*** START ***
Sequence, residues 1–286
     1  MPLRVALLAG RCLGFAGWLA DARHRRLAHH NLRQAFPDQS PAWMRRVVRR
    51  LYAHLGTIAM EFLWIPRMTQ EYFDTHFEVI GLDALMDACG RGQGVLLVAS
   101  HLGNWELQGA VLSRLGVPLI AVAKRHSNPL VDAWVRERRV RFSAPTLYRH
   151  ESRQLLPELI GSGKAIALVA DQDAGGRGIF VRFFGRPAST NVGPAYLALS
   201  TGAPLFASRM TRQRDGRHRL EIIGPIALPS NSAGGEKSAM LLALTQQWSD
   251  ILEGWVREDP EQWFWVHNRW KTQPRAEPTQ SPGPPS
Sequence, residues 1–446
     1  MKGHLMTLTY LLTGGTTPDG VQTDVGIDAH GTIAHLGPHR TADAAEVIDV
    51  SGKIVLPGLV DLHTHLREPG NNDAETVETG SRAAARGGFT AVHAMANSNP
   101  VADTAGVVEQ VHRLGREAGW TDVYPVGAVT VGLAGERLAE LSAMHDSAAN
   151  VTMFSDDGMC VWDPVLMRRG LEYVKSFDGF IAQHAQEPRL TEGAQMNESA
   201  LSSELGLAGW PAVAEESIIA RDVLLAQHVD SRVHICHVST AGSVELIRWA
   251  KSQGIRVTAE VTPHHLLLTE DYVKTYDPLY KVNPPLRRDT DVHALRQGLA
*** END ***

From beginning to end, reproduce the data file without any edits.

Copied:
Sequence, residues 1–286
     1  MPLRVALLAG RCLGFAGWLA DARHRRLAHH NLRQAFPDQS PAWMRRVVRR
    51  LYAHLGTIAM EFLWIPRMTQ EYFDTHFEVI GLDALMDACG RGQGVLLVAS
   101  HLGNWELQGA VLSRLGVPLI AVAKRHSNPL VDAWVRERRV RFSAPTLYRH
   151  ESRQLLPELI GSGKAIALVA DQDAGGRGIF VRFFGRPAST NVGPAYLALS
   201  TGAPLFASRM TRQRDGRHRL EIIGPIALPS NSAGGEKSAM LLALTQQWSD
   251  ILEGWVREDP EQWFWVHNRW KTQPRAEPTQ SPGPPS
Sequence, residues 1–446
     1  MKGHLMTLTY LLTGGTTPDG VQTDVGIDAH GTIAHLGPHR TADAAEVIDV
    51  SGKIVLPGLV DLHTHLREPG NNDAETVETG SRAAARGGFT AVHAMANSNP
   101  VADTAGVVEQ VHRLGREAGW TDVYPVGAVT VGLAGERLAE LSAMHDSAAN
   151  VTMFSDDGMC VWDPVLMRRG LEYVKSFDGF IAQHAQEPRL TEGAQMNESA
   201  LSSELGLAGW PAVAEESIIA RDVLLAQHVD SRVHICHVST AGSVELIRWA
   251  KSQGIRVTAE VTPHHLLLTE DYVKTYDPLY KVNPPLRRDT DVHALRQGLA